How Much Life Insurance Do I Need?

The right amount of life insurance can provide your dependents with financial security in the event of the unthinkable.

When it comes to securing your dependents’ financial future, a fundamental question to ask yourself is, “How much life insurance do I need?” The answer relies on a number of personal factors, including your income and your family. Here are key things to consider as you calculate your life insurance needs.

In this article, you’ll find:

Is there a rule of thumb for life insurance coverage?

Whether you are choosing whole or term life insurance, some advisors recommend multiplying your annual income by six or 10 to come up with a rule-of-thumb estimate of your life insurance needs. These back-of-the-napkin estimates are a great starting point. But will this be enough?

The two more precise approaches for determining your life insurance benefit are known as income replacement and needs analysis.

How does the income replacement approach work?

The income replacement approach allows you to select a life insurance benefit that will replace the earnings you would otherwise provide for your dependents.

This is the amount of money left from your gross income after you deduct taxes, savings, life insurance premiums and any money you spend on yourself. For most people, this works out to between one-half and two-thirds of your total salary, with higher earners in the lower end of the range.

If you expect your salary to average $75,000 over your career, you can anticipate that about $50,000 a year, or two-thirds of your gross earnings, will support your dependents. If you are 30 years old and plan to retire at age 65, you’d need to replace this income for 30 years.

Basic income replacement

The simplest way to calculate income replacement is to multiply the number of years you plan to continue working by the earnings you anticipate providing for your dependents.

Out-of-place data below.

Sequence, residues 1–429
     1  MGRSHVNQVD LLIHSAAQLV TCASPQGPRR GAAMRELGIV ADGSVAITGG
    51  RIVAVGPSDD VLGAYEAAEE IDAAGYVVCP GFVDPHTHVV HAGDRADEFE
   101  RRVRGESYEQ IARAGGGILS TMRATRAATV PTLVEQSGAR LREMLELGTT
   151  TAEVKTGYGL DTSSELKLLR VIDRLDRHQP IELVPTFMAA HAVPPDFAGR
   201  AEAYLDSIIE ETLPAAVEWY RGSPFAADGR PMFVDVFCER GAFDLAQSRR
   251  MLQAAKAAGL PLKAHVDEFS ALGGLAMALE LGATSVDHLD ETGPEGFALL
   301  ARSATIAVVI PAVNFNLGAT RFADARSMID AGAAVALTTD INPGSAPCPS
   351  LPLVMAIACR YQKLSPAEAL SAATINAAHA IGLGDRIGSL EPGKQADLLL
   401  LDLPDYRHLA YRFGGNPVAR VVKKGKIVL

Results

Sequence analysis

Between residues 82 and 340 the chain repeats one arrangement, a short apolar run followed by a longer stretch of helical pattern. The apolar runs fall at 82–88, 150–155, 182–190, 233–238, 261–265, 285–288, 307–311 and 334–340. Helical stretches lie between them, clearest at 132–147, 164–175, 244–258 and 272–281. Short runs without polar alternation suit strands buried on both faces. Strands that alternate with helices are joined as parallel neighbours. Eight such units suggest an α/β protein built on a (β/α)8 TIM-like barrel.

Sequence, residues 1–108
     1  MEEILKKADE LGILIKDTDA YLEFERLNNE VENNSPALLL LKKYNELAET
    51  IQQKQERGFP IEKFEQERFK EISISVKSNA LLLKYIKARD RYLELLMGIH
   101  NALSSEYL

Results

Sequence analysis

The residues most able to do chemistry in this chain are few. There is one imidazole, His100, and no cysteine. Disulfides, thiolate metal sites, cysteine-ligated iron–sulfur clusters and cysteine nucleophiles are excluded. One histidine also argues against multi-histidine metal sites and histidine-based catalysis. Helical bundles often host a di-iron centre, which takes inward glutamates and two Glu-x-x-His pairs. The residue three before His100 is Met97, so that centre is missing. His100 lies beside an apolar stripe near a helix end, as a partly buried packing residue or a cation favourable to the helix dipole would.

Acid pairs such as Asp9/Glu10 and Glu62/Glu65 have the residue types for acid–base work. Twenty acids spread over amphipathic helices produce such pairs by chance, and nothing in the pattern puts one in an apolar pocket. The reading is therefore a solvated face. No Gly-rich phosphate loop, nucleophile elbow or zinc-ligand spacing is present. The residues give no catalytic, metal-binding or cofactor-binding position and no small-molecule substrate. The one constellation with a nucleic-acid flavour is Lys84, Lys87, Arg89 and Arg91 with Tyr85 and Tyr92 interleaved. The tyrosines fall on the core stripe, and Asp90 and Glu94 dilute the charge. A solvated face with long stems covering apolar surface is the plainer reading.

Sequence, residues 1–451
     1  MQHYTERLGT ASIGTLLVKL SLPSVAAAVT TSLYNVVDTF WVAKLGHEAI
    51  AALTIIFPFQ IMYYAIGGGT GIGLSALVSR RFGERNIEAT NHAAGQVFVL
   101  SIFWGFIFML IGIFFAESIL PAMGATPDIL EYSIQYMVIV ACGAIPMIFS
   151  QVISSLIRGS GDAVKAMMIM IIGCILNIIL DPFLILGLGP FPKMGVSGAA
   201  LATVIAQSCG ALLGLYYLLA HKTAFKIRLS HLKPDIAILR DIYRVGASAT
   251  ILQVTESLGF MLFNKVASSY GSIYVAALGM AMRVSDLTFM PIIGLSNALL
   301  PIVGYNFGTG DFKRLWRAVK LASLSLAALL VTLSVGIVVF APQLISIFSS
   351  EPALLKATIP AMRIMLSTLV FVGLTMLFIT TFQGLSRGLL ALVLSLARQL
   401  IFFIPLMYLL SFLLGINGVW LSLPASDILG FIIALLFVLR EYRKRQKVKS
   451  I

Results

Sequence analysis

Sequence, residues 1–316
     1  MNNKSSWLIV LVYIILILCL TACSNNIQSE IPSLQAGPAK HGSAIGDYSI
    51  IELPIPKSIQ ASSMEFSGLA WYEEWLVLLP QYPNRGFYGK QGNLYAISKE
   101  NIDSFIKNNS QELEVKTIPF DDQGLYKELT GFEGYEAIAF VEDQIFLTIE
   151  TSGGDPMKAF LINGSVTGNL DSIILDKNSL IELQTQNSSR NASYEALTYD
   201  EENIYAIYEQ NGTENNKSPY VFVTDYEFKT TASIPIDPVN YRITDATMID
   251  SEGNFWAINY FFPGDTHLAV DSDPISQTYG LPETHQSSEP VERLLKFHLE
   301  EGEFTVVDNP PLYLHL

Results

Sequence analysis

For a person seeking to replace $50,000 of annual income for 30 years, a $1.5 million life insurance policy is one way to accomplish this goal.

Revenue streams

Another income replacement option is providing your beneficiaries with enough money to create a revenue stream through investments.

Unless you make alternative arrangements, your beneficiary receives your policy’s death benefit as a tax-free lump sum. He, she or they can use all or a portion of these funds as principal in an income-producing investment, such as an index or mutual fund.

Since this approach comes with inherent investment risks, it’s best to discuss it with a qualified financial professional.

However, as an oversimplified example, before taxes, a $1 million investment in an account generating 5% annual growth would produce $50,000 a year. In this scenario, the principal remains in place as long as the investment’s growth exceeds withdrawals.

If you spend down the premium, you can earn $50,000 a year from a $768,000 investment with 5% annual growth. In this scenario, the principal is gone at the end of the 30-year-period.

This latter calculation is based on factors found in a compound discount table, which financial professionals use to analyze returns on various investment sums.

Three ways to replace a $50,000 annual salary for 30 years:

  • Option 1: Withdraw $50,000 a year from an account established with an initial $1.5 million balance. The interest offered by the depository institution could stretch these funds out over a few more months or years. 
  • Option 2: Invest $1 million in a fund generating 5% annual growth. As long as withdrawals don’t exceed growth, the balance will remain in place.